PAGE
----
AWS Enhancing Security with Passkey Multi-Factor Authentication, here is what to know

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AWS Enhancing Security with Passkey Multi-Factor Authentication, here is what to know

Security remains a paramount concern for businesses and organizations operating in the cloud. Amazon Web Services (AWS), a leading cloud service provider, recognizes this and continually strives to bolster security measures. In a recent announcement, AWS introduced support for FIDO2 passkeys as an additional method for multi-factor authentication (MFA). Let’s delve into the details.

AWS

What Are Passkeys?

Passkeys, in the context of FIDO2 authentication, refer to a pair of cryptographic keys generated on the user’s client device during registration for a service or website. These keys are unique to each web service domain. The public part of the key is stored on the service’s end, while the private part is securely stored on the user’s device. Access to the private key is protected by a PIN code or biometric authentication (such as Apple Face ID or Microsoft Hello).

How Passkey MFA Works

  1. Registration: When a user registers for a service, their client device generates a passkey pair. The public key is sent to the service, while the private key remains securely stored.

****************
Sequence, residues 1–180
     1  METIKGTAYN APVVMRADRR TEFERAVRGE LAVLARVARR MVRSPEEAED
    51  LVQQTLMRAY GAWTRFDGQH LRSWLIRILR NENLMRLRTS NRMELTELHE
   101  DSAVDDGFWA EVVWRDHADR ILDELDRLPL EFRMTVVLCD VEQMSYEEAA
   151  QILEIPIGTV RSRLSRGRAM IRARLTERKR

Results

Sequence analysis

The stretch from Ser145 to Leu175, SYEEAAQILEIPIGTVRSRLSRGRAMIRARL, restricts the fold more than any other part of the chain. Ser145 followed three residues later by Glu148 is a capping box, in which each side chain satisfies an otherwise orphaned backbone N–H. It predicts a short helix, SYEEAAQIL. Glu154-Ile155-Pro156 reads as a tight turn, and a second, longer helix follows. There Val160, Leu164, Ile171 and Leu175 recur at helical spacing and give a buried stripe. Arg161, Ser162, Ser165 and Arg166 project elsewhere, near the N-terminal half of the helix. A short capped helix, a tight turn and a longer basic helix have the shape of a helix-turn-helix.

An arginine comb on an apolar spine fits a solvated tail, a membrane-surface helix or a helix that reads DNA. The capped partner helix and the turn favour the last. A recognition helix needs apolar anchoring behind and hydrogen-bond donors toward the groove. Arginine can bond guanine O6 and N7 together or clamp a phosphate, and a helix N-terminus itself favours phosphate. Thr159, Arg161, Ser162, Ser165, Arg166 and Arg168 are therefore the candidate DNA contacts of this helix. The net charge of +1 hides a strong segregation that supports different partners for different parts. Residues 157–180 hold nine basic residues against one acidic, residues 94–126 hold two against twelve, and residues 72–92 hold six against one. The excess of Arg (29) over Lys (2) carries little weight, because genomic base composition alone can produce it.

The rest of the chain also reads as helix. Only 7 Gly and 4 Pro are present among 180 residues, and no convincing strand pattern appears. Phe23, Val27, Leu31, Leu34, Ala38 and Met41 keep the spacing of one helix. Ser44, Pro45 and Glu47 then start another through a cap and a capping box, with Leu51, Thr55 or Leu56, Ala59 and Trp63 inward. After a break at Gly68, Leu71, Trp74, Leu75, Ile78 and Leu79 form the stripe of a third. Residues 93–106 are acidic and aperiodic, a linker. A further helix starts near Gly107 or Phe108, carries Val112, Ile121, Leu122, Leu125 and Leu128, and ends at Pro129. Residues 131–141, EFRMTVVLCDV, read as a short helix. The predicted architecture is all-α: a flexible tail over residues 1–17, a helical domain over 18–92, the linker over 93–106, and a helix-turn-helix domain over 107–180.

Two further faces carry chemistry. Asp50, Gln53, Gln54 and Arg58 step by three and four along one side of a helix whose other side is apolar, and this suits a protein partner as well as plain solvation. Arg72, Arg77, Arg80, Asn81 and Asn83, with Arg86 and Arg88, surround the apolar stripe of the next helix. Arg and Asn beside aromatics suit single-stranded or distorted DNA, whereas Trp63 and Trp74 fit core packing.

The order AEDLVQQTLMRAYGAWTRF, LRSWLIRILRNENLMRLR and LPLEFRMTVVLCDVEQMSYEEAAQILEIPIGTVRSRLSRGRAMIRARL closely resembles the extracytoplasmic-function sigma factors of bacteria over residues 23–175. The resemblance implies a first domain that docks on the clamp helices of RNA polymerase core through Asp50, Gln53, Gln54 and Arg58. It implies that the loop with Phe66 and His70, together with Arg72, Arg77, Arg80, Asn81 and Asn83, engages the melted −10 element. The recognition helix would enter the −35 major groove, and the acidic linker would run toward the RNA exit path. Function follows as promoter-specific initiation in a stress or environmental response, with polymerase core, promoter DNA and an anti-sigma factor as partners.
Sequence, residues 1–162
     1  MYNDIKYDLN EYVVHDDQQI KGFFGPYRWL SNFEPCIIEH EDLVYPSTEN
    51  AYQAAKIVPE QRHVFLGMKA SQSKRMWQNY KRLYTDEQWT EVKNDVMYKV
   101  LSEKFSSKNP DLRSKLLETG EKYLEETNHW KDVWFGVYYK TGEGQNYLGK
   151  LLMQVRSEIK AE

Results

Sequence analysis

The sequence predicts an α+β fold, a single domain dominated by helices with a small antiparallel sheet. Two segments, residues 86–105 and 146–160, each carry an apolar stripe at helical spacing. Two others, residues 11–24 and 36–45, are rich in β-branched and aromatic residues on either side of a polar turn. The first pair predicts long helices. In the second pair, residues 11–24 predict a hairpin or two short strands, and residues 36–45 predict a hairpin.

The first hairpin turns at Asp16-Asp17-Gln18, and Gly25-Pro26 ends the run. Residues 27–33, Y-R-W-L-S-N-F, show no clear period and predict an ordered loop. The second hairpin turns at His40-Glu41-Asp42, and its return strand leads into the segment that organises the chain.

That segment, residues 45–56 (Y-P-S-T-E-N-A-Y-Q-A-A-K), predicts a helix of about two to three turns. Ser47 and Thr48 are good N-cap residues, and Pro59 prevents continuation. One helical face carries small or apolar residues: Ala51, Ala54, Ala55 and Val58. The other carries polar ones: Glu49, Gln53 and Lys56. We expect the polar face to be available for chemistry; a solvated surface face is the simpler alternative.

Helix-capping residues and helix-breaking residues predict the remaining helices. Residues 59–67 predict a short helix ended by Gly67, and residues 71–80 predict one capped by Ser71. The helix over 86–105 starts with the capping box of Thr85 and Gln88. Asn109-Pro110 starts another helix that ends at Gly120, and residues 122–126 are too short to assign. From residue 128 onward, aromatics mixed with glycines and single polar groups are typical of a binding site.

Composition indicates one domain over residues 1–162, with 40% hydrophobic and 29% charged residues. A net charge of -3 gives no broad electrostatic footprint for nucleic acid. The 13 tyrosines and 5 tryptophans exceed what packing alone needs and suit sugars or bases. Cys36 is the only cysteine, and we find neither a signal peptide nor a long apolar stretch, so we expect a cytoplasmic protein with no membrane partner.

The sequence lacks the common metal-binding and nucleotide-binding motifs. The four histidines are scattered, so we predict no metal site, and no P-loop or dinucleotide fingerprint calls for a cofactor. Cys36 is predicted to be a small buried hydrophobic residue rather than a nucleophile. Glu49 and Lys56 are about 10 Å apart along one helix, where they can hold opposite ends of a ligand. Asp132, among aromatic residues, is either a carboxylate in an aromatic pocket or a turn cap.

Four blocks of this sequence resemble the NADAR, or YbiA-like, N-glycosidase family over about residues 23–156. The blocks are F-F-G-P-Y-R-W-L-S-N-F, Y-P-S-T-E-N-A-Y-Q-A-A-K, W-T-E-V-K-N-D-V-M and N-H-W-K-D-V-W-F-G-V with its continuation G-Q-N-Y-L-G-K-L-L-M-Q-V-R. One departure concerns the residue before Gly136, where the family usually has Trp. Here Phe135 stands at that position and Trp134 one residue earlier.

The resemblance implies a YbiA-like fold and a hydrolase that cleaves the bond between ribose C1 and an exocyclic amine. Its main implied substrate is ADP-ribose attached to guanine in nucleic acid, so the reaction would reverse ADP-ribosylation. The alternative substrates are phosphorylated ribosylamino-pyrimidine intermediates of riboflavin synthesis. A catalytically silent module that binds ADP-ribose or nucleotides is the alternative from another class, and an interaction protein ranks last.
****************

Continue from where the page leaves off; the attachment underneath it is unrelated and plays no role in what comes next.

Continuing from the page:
2. Authentication Challenge: When the user attempts to authenticate, the service sends a challenge to their browser.
  3. Device Signature: The browser requests the device to sign the challenge using the private key. This triggers PIN or biometric authentication.
  4. Validation: If the signature is valid, the service confirms that the user owns the private key associated with the stored public key.

Why Passkeys Matter

  1. Phishing Resistance: Passkeys are more resistant to phishing attacks than traditional passwords. Since they are not entered manually, attackers cannot intercept them.
  2. Additional Layer of Security: Passkeys serve as a second factor alongside passwords. Combining something the user knows (password) with something they have (passkey) strengthens security.

Enabling Passkey MFA

To enable passkey MFA for your AWS account:

  1. Navigate to the AWS Identity and Access Management (IAM) section in the console.
  2. Select a user and scroll down to the Multi-factor authentication (MFA) section.
  3. Choose “Assign MFA device.”

Root Users and MFA

AWS emphasizes that root accounts must enable MFA by the end of July 2024. This proactive measure ensures robust security for the most sensitive account.

Conclusion

By embracing passkey MFA, AWS continues to prioritize security. Users can now benefit from enhanced protection against unauthorized access. As we move forward, let’s appreciate the balance between usability and security that passkeys bring to the cloud landscape.

Remember, security is a shared responsibility, and adopting best practices ensures a safer cloud experience. Stay vigilant and keep your passkeys close!


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